Three advisers killed in blast near detention center in Kabul
By Heath Druzin | Stars and Stripes | Published: February 10, 2014
KABUL — An explosion rocked eastern Kabul Monday near one of the country’s main detention centers, killing three foreign military advisers, Afghan security officials said.
Another foreigner and seven civilians were injured in the car bomb attack in an eastern suburb of Kabul near Pul-e Charki Prison, when a foreign convoy was hit by a suicide car bomb after leaving the prison, according to Afghan security officials.
The NATO-led International Security Assistance Force would confirm only that two contract civilians working for them were killed by a car bomb in eastern Afghanistan. ISAF did not confirm whether it was the same bombing.
The attack occurred within sight of the prison. Body parts were strewn about the street, and two crumpled cars and scattered charred debris could be seen at the site.
Several ISAF armored trucks were at the scene, as was a large contingent of American troops.
A spokesman for the militant group Hezb-i-Islami, Haroon Zarghoon, said the group was behind the attack and claimed 13 foreign military advisers were killed. Insurgent groups often exaggerate casualty claims.
Hezb-i-Islami is seen by many as the insurgent group most likely to reconcile with the Afghan government, although it still occasionally carries out major attacks. The group’s loosely connected political wing already participates in the political process and contests elections in the country.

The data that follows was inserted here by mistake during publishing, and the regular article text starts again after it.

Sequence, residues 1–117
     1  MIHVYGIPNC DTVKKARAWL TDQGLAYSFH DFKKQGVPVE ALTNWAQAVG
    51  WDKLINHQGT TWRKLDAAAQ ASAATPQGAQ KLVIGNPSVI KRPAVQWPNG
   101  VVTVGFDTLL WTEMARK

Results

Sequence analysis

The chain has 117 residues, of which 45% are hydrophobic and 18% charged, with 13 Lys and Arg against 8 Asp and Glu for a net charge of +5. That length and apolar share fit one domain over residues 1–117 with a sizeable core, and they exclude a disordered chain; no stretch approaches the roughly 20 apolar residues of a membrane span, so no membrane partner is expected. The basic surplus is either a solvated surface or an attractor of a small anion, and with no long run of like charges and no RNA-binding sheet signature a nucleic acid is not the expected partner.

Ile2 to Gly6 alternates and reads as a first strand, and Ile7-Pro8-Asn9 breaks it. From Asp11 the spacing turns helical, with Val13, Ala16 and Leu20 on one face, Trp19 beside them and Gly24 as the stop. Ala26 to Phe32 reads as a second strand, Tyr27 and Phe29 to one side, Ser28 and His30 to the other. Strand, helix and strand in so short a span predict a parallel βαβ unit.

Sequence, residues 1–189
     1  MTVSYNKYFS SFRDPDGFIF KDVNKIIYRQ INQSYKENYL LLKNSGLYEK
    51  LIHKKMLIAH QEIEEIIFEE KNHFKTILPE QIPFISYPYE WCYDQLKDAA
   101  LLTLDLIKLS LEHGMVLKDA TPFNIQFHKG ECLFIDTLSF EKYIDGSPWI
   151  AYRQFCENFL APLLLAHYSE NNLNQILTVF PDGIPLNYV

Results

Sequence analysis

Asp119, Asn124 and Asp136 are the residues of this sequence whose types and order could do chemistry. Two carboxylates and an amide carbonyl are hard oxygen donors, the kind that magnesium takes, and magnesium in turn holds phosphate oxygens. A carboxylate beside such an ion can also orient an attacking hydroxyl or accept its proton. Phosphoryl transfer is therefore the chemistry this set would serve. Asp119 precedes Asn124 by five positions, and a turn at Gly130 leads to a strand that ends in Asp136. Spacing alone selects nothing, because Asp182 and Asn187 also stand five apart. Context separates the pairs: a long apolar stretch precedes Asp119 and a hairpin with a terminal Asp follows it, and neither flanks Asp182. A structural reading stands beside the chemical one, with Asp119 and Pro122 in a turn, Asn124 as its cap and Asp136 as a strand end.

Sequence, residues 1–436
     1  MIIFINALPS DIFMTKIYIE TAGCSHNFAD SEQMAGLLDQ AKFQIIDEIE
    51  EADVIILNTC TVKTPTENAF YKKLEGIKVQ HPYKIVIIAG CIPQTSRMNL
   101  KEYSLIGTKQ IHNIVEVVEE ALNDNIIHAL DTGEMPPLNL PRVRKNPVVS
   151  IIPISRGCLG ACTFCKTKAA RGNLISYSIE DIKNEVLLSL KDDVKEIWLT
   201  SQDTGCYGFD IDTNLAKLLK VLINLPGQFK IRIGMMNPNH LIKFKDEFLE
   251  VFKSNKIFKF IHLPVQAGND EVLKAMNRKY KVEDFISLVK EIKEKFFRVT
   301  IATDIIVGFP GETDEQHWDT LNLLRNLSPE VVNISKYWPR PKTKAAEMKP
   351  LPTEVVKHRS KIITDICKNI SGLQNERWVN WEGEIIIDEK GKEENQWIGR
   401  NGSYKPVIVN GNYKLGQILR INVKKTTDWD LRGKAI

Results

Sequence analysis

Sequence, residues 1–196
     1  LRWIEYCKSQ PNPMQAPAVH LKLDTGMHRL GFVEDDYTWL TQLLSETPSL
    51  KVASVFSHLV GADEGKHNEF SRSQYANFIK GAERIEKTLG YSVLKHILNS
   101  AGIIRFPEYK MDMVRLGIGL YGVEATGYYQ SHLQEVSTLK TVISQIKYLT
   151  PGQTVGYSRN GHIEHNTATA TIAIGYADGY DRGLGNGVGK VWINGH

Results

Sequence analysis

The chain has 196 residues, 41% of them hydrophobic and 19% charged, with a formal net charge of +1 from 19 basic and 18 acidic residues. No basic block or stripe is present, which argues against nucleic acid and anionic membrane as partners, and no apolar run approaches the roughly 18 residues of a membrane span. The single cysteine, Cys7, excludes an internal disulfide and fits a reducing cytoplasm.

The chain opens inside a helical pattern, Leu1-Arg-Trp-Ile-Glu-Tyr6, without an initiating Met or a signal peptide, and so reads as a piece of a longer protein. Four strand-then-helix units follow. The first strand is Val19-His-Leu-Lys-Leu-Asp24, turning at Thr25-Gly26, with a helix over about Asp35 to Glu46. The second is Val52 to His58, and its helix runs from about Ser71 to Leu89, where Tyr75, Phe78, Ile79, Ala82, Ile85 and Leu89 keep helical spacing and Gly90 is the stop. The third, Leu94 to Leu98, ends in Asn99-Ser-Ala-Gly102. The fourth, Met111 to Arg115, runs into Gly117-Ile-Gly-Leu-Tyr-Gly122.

Mir Wali, who owns a corner shop near the bomb site, said that the explosion shattered his windows and that he saw two heavily damaged SUVs in the aftermath.
“I was drinking tea in my shop, and suddenly there was a big explosion that shook my shop and I heard glass breaking,” he said.
There has been a series of attacks recently in the Afghan capital. They come a time of year when violence generally ebbs in Afghanistan, as many insurgents spend the winter in Pakistani redoubts. Analysts believe the attacks are intended to demonstrate the insurgents’ ability to strike at will even inside the heavily guarded city.
Last month, insurgents attacked a Kabul restaurant popular with foreigners, killing 21 people. About a week later, a suicide bomb attack on an Afghan military bus killed four people and wounded 22 others.
As Afghan security forces have taken over much of the day-to-day fighting, casualties among foreigners has dropped, though they are still targeted from time to time, especially by bomb attacks.